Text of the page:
• The CAP advocates 29 goals—too many. Some are either already being championed by other organizations, others are not measurable or not universally supported across Africa. Others will never receive global consensus. Using these four criteria, the CAP goals can be streamlined to produce 5 unique and measurable goals that the African Union can effectively champion.

Read the full article: CIGI Online

The post-2015 development agenda and desertification

Photo credit: Huffington Post

Combating Desertification in the Post-2015 Agenda

by Mahmoud Mohieldin


Desertification is one of the concerns in the post-2015 development agenda. The recently released Zero Draft of the UN Open Working Group — proposing goals and targets for the post-2015 development agenda — includes a goal to “Protect and promote sustainable use of terrestrial ecosystems, halt desertification, land degradation and biodiversity loss.” The goal is accompanied by specific targets which cover issues ranging from desertification and drought to biodiversity and natural resource management.

To address the unique issues faced by the most vulnerable, we must invest in applicable solutions that are transformative, and can be scaled up. For example, as part of the TerrAfrica partnership, we are working in 12 countries to support the Great Green Wall Initiative of African countries to boost resilience. Together with a large number of partners, we are also working on a major study on The Economics of Resilience in the Drylands of Sub-Saharan Africa to determine the interventions needed to reduce the vulnerability and enhance the resilience of people living in drylands.

We must, however, be more ambitious and scale up efforts to support appropriate solutions for better management of land and other natural resources at the farm, community, landscape and national levels. The following are some of the priority areas for action by governments and the international development community, in partnership with the private sector and civil society.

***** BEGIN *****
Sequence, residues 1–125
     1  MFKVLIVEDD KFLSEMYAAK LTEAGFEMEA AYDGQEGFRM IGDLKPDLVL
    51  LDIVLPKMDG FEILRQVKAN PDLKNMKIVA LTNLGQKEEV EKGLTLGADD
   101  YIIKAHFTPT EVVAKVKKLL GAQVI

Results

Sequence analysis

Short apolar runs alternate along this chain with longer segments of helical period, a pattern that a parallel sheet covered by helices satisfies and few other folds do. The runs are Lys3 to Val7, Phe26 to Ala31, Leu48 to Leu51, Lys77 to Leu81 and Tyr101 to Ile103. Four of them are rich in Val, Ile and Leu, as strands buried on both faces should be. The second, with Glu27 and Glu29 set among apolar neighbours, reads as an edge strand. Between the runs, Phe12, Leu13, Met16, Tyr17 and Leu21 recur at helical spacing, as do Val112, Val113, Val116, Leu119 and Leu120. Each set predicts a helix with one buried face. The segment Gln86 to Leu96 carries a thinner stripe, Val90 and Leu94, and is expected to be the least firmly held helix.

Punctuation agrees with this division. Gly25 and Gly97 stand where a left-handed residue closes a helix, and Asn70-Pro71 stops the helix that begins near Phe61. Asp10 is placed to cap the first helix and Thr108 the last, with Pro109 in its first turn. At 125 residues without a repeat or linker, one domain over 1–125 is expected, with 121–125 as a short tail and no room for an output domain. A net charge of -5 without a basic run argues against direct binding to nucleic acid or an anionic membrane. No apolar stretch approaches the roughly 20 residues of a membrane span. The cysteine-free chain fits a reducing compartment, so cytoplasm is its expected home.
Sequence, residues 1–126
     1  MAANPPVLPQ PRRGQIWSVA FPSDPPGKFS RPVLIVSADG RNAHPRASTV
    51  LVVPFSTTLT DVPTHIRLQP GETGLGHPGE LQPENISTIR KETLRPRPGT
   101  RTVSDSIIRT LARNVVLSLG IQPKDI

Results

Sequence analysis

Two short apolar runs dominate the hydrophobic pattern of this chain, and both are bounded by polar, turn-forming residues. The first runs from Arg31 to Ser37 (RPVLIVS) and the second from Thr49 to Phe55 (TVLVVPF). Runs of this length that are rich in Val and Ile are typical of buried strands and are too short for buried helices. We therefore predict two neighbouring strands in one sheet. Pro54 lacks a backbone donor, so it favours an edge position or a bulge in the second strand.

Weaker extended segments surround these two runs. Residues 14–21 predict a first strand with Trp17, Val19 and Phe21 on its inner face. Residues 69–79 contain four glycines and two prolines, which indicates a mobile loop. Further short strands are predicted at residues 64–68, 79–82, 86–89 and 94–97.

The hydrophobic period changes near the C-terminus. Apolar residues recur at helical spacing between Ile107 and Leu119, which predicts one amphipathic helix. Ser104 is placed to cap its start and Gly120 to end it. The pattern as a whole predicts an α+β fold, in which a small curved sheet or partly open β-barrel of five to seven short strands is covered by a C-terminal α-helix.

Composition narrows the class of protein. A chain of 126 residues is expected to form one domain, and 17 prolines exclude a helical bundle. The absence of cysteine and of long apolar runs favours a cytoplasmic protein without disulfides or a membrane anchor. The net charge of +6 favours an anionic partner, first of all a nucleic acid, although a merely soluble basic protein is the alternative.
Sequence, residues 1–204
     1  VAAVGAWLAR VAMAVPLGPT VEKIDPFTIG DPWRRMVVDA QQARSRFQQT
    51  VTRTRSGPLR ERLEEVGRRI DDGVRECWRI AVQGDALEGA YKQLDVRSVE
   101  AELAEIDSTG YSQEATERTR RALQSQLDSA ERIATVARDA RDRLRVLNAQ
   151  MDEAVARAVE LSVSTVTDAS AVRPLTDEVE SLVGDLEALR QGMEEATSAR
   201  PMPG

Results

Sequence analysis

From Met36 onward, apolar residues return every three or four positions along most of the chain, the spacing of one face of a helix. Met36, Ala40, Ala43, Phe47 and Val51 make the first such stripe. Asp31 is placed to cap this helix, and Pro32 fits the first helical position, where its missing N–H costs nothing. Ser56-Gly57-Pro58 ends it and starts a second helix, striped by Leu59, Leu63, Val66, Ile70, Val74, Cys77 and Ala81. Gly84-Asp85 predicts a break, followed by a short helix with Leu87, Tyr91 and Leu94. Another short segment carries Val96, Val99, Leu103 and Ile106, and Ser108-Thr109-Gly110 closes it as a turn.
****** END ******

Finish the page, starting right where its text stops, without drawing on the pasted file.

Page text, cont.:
Read the full article: Huffington Post

Sustainable Land Practices, Environmental Sustainability and the Post 2015 Agenda (Land Degradation Announcement List)

With less than 1,000 days left to meet the Millennium Development Goal (MDG) targets, the process to establish new development goals beyond 2015 is well underway and the United Nations system invites you to be part of this historical process but only a few days remain before the Post 2015 consultation on Environmental Sustainability close on Sunday, May 26 so join now!

Here is an example of what has been said so far on sustainable land practices:
“People have gradually lost access to their lands, cultures and resources, all of those have been degraded and distorted in such speed that older ways of living no longer work. Means of twisting of conditions and resources needed for societies allows for their subjugation, control and exploration, leading directly to inequality.”  – Cristiano Yuji Sasada Sato, Brazil

What are your thoughts on this topic? What does equality have to do with environmental sustainability and sustainable land practices? Will ensuring environmental sustainability ensure human rights, peace and security? Is it a human right to live in a safe, clean, healthy, sustainable environment. Come join ongoing discussions to make your ideas heard while engaging with peers and fellow concerned citizens.

Click here to join:

Add your voice to the following topics:

  • Local Action, Innovation and Empowerment (NEW)
  • Common or Differentiated Responsibilities?  (NEW)
  • Role of Private Sector/ Markets
  • Environmental Sustainability and Equality
  • Environmental Sustainability, Human Rights, Peace and Security

All discussion threads will end on 26 May 2013 and this will be your last opportunity to provide direct input that can shape the Post 2015 Agenda. Seize this opportunity and use this forum to vocalize your ideas and thoughts.  We look forward to hearing from you in the e-discussions.
The Environmental Sustainability Post 2015 team

New Plans Past the MDGs (IPS)

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EU Calls for New Plans Past the MDGs

by Pavol Stracansky

The European Commission has unveiled a blueprint for global development aid and called on world leaders to replace the Millennium Development Goals (MDGs) with an international aid framework based on sustainable and inclusive development tackling poverty at its roots.

While praising how the UN’s Millennium Development Goals (MDGs) had “inspired an unprecedented global movement for development,” the European Report on Development 2013 – an independent report commissioned by European states and setting out recommendations for the post-MDG aid agenda – said its replacement would need to go much further to provide help for poor nations.